We envision a future in which all of Los Angeles County’s diverse communities have the capacity and opportunity to participate fully in our democracy, where even the most vulnerable and underserved communities have a voice, a seat at the table and an opportunity to directly impact and decide the changes that will affect their lives and communities. We strive to ensure “A Democracy for All.”
We seek to foster greater civic engagement, participation and leadership development and more responsive and participatory local governance. To do so, we focus not on policy outcomes, but on the process of civic engagement itself, on expanding the capacity of organizations to do the work and supporting innovation in the field.
Furthermore, to achieve “democracy for all,” we have a strategic focus on communities that have historically been marginalized due to lower civic participation, socioeconomic status, and unresponsive governance.
Strategies & Outcomes
Organizations can apply in one or more of the following areas:
Civic leadership development and civics education
Developing civic leaders and providing effective civics education are key to a vibrant culture of civic participation. Individuals can act as civic leaders along a broad spectrum, from volunteer neighborhood leaders to serving in appointed or elected office. The development of community leaders is essential to ensure that community voices are heard and taken into account in public decision-making. Community civic leaders play an important role in sharing information, building bridges and networks, and encouraging others to become civically engaged. This area also encompasses efforts to partner with public education systems to include civics education in their curricula.
In building an open and fair democratic polity, everyone needs to have a voice and be an active participant. Vulnerable communities face barriers to civic participation that have resulted in neglected, anemic leadership, unresponsive government and a diminished civic sense of community. An engaged community with strong civic participation is one where the community is educated and informed about issues; where there are strong community leaders to organize the community; and where members of the community have various opportunities to participate, such as community meetings, public hearings and voting.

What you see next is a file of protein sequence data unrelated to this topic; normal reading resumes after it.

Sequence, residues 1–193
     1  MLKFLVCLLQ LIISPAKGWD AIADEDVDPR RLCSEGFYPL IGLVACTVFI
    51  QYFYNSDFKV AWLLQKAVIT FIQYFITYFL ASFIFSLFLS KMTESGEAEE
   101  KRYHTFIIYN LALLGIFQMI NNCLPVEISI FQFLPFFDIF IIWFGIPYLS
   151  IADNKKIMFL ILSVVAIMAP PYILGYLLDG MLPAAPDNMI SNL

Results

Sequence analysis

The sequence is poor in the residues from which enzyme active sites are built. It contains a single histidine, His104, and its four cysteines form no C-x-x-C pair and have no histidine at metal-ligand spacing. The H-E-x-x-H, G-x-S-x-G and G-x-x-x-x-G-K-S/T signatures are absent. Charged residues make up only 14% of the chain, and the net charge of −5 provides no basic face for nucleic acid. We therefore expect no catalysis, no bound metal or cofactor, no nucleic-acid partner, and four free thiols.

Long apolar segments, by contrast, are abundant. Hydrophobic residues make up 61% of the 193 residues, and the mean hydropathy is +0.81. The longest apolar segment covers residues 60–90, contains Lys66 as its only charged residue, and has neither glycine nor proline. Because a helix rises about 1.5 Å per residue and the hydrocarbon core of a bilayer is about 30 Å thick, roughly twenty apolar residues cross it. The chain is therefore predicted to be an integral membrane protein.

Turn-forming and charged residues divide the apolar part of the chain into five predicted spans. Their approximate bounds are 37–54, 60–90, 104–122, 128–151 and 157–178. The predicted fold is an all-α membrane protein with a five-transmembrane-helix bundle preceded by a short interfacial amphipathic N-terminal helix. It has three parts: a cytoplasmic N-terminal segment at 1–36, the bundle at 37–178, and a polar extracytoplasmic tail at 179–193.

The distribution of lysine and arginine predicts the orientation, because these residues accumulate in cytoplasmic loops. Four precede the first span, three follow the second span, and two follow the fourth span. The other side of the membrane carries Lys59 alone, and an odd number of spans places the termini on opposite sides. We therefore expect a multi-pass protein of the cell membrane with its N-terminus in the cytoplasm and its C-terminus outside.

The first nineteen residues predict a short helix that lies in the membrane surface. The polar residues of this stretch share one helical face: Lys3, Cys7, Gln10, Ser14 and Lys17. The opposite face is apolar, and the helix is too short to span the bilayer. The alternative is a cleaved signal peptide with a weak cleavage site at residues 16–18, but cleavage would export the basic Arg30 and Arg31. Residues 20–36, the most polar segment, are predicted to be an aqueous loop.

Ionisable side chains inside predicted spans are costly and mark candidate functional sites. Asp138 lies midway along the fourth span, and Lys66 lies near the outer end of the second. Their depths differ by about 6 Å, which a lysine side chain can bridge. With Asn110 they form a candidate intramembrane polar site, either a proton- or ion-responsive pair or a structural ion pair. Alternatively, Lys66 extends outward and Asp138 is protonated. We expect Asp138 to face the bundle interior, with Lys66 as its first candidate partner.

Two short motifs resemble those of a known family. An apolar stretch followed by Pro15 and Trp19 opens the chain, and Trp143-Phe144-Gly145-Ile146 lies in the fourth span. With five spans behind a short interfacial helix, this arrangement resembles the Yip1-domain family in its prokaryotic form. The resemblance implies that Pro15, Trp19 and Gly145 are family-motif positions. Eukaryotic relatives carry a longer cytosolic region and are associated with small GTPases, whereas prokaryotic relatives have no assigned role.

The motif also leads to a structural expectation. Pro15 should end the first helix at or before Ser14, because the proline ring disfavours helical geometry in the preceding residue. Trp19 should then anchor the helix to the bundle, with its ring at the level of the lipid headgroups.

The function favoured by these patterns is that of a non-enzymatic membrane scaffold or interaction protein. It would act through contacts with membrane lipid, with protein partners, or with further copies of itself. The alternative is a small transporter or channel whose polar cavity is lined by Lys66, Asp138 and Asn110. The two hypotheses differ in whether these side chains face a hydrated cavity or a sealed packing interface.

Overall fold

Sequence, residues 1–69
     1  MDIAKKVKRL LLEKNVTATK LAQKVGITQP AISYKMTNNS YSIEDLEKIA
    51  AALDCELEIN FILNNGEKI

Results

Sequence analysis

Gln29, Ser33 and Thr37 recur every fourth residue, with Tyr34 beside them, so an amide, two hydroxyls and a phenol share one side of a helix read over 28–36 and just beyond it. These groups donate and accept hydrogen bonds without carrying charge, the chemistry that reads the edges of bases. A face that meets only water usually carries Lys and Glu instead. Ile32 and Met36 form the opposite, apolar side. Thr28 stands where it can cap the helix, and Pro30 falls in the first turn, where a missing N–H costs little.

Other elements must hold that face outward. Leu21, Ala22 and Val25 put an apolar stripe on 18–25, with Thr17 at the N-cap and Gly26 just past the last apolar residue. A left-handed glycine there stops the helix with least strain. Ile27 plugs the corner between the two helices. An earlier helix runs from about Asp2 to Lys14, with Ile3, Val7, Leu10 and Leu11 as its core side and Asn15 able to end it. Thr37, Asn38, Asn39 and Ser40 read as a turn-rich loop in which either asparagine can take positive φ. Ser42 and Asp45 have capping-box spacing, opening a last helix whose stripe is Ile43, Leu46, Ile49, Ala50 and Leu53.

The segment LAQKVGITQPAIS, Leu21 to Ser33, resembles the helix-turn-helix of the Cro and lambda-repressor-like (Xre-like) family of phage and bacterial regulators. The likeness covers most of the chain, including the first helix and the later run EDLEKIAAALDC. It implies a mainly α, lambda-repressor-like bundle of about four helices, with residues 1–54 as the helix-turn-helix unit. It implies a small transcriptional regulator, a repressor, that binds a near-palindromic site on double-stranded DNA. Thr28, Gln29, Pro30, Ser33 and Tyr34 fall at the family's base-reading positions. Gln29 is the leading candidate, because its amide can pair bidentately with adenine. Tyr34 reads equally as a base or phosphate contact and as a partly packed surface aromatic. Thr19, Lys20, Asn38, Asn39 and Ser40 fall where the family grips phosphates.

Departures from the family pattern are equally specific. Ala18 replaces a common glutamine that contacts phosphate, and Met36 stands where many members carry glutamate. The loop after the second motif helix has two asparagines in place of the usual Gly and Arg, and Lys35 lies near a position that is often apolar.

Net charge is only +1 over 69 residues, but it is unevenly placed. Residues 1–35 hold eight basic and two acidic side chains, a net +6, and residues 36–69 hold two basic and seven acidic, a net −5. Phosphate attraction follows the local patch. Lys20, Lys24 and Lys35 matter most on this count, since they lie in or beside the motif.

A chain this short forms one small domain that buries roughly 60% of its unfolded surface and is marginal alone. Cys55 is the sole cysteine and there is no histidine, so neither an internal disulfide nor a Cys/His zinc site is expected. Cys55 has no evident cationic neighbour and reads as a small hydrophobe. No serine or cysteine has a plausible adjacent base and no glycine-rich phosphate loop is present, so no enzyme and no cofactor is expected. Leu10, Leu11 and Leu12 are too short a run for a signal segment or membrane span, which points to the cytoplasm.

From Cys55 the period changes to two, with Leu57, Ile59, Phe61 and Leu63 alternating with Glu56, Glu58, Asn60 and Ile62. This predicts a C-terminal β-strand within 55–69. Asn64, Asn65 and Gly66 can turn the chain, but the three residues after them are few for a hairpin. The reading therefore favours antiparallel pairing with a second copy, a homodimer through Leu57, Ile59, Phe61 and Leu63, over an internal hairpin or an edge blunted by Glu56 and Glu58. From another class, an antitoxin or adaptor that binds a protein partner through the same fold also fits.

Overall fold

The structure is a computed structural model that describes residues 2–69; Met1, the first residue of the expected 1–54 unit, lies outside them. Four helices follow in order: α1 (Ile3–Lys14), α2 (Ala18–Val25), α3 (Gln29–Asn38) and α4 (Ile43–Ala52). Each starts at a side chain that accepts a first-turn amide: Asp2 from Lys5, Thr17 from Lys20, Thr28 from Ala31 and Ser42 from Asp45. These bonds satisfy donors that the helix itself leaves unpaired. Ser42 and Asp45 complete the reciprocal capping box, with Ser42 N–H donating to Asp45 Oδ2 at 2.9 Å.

We seek to support community engagement that is part of a strategy for systemic change. Tactics may vary, including community organizing, voter education, strategic communications, or other innovative methods. We seek to support both experienced organizations that wish to expand or innovate in their community engagement efforts, and also organizations that want to add this as a new strategy to further their mission.
Open and responsive government
An important pillar for a revitalized and fair democracy is a government that is open and responsive. This is a government that values transparency and provides its constituents accessible, frequent and substantive opportunities for participation and more importantly, voice. We seek to support new models and initiatives of open, transparent government, with robust and meaningful mechanisms for community input and decision-making.
Data and analysis are vital to a fair and inclusive democracy. They provide communities with the necessary information to be able to identify problems and promote solutions. Without the power of data and research, communities are not decision makers and collaborators. Our grantmaking seeks to support greater access to data and practical research that can help communities be active participants in shaping their quality of life, health, and governance.
General eligibility requirements can be accessed here. In addition, grant decisions will take into account the following factors:
- Organizations can apply for project grants of up to $200,000 over two years. Grant amounts that are greater than 20% of an organization’s budget are unlikely to be approved.
- We focus our grantmaking on the most vulnerable communities in the county, including immigrant, low-income, and communities that face discrimination or threats to their civil rights.
- We have a particular interest in areas of the county that lack non-profit civic engagement infrastructure, such as the Southeast cities, the San Gabriel Valley, the San Fernando Valley, and the Antelope Valley.
- Proposals from organizations that are not currently receiving funding from CCF are more likely to be successful.
Step 1: Letter of Intent (LOI): LOIs are reviewed year-round on an ongoing basis for consideration at four quarterly board meetings each year.
Upcoming CCF Board Meeting Dates: March 2016; June 2016
LOI Deadlines: 5:00 p.m. on Nov 23, 2015; Feb 5, 2016
Step 2: Grant Application: Applicants are invited based on review of LOI.
Applicants invited: Nov 2015; Feb 2015
Applications due: Dec 2015; Mar 2016
Board Review: March 2016; June 2016
Applicant notified: March 2016; June 2016
Begin or resume your saved letter of intent.